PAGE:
INTERVIEW: Lily Velden

Long and Short Reviews welcomes Lily Velden, whose latest book Same Page was released last month.  The sequel, The Race is On, is scheduled to be released this month.  Lily is also working on the third and final book in her How the Light Gets In series, as well as a manuscript that almost completed called Questions and Answers, which is the story of Noah and Robert.

“Noah and Robert are art-history lecturers—Noah in Chicago and Robert in London,” Lily said. “Their respective colleges form a ‘partner’ relationship, and as part of that Noah and Robert swap houses, cars, and jobs for one semester. All I can say is they discover some very interesting stuff about each other! They’ve certainly had me blushing for the last six months!

“And then there’s Jonah and Echoes of Mercy…What can I say? My brain is a noisy crowded place!”

Lily said she’s been writing for as along as she can remember. She was quite precocious and learned to read when she was 3 or 4. As soon as she mastered reading, she started writing stories and illustrating them.

“By the time I went through my angsty teen years, I was dabbling in poetry as well. Both writing and drawing, however, got put on the back burner for a few years when I started popping out the babies—three in three and a half years! Someone said to me, ‘Have them close together. They’ll be friends as well as siblings.’ They could have also told me I’d need a straitjacket!

“Okay, back to topic!

“When my children were young, I started writing and illustrating stories for them where we were all thinly disguised as the characters. They loved it. Even today, my daughter calls me Meha instead of Mum, after one of the characters based on me, and when I try to impart some profound advice (maybe one day, they will actually listen!!! I live in hope.) they tease me and call me Mummefra the Wise Woman after another of the characters I created for them.

“Serious writing, though, began for me in 2009. Having said that, it took me nigh on three years to pluck up the courage to submit something to a publisher. For a long time, all I did was share Lily’s Story and How the Light Gets In with a friend. Even with her encouragement, I hesitated, and ended up testing the waters on an amateur author site first. It was the warm welcome I received there that finally gave me the belief that maybe, with some hard work and dedication, I could actually be a writer.”

For Lily, the most important part of writing is good storytelling–having the ability to paint a picture in the mind of the reader.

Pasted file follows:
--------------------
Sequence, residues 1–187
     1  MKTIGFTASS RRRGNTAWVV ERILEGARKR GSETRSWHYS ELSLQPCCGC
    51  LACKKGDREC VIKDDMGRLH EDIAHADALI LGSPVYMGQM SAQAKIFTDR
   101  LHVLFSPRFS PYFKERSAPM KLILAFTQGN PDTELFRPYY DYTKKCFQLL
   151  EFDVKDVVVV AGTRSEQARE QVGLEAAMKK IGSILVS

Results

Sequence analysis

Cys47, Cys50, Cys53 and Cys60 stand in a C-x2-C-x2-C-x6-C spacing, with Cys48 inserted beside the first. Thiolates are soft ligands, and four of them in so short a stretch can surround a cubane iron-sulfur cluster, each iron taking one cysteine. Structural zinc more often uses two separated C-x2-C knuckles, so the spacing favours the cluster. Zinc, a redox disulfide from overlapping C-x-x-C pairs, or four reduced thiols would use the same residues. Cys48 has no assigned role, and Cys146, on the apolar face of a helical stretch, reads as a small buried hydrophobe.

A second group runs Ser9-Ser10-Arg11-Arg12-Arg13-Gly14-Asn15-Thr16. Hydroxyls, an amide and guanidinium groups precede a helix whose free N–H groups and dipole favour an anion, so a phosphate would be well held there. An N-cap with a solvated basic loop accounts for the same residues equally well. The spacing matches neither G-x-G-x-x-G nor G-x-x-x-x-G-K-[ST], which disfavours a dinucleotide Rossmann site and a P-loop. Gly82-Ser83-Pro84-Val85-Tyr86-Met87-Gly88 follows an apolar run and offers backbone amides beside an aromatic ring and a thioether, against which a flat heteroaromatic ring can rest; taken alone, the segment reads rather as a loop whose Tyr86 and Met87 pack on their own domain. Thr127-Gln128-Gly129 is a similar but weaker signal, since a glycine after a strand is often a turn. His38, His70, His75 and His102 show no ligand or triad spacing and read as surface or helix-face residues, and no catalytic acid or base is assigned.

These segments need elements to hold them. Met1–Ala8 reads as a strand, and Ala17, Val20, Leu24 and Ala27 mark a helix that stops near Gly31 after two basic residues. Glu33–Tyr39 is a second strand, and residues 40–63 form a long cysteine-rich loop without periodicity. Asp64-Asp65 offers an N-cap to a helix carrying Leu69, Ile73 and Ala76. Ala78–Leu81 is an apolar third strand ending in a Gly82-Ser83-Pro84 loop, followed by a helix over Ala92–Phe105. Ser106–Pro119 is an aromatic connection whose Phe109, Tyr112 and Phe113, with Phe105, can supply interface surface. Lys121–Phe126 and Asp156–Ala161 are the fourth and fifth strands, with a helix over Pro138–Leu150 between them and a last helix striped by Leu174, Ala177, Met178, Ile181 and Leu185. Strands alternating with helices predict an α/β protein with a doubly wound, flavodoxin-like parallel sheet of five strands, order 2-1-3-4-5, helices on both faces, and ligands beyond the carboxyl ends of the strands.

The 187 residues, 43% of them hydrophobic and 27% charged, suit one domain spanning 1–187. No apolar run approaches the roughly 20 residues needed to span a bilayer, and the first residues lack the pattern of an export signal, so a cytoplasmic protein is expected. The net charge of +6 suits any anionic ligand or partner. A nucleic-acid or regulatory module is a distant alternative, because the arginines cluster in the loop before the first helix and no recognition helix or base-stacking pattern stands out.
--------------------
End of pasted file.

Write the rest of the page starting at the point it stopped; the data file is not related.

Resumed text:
“A reader comes to a work of fiction as a willing accomplice in the lies being told by the author,” she explained. “Most come willing to suspend a little rational thought—when I make a bargain like that I want the writer to keep up his or her end of the bargain!

“The components of good storytelling? I’d have to say it’s a combination of plot, descriptions, characterizations, and pacing.  Things such as good editing are very important too, but I can forgive a mistake or two in that area if the author is good at telling a story.”

The characters always come first for Lily.

“They live inside my head for quite a while as we get to know each other before the pen ever touches paper,” she said. “Often it is their personalities which dictate the plot. Their very natures suggest a story.”

“What’s the weirdest thing you’ve ever done in the name of research?” I asked.

“Oh dear, this is embarrassing. I sat down an old friend of mine and asked him to describe to me in detail how it feels physically when a man becomes aroused. What order things happen in and what each ‘phase’ feels like. I interrogated him on how different positions, and um, orifices felt. I made him use comparisons and analogies while I scribbled away, taking notes! Poor blighter! And, God love him, we’re still friends!”

This, however, was not her most embarrassing moment.  That came when she was still in school. I asked her to tell us about it.

“Growing up, I was a terror for sneakily staying up and reading to the early hours of the morning. Of course, that meant I was not a morning person. You just about needed a crowbar to lever me out of bed, and the old brain didn’t kick into gear until lunchtime!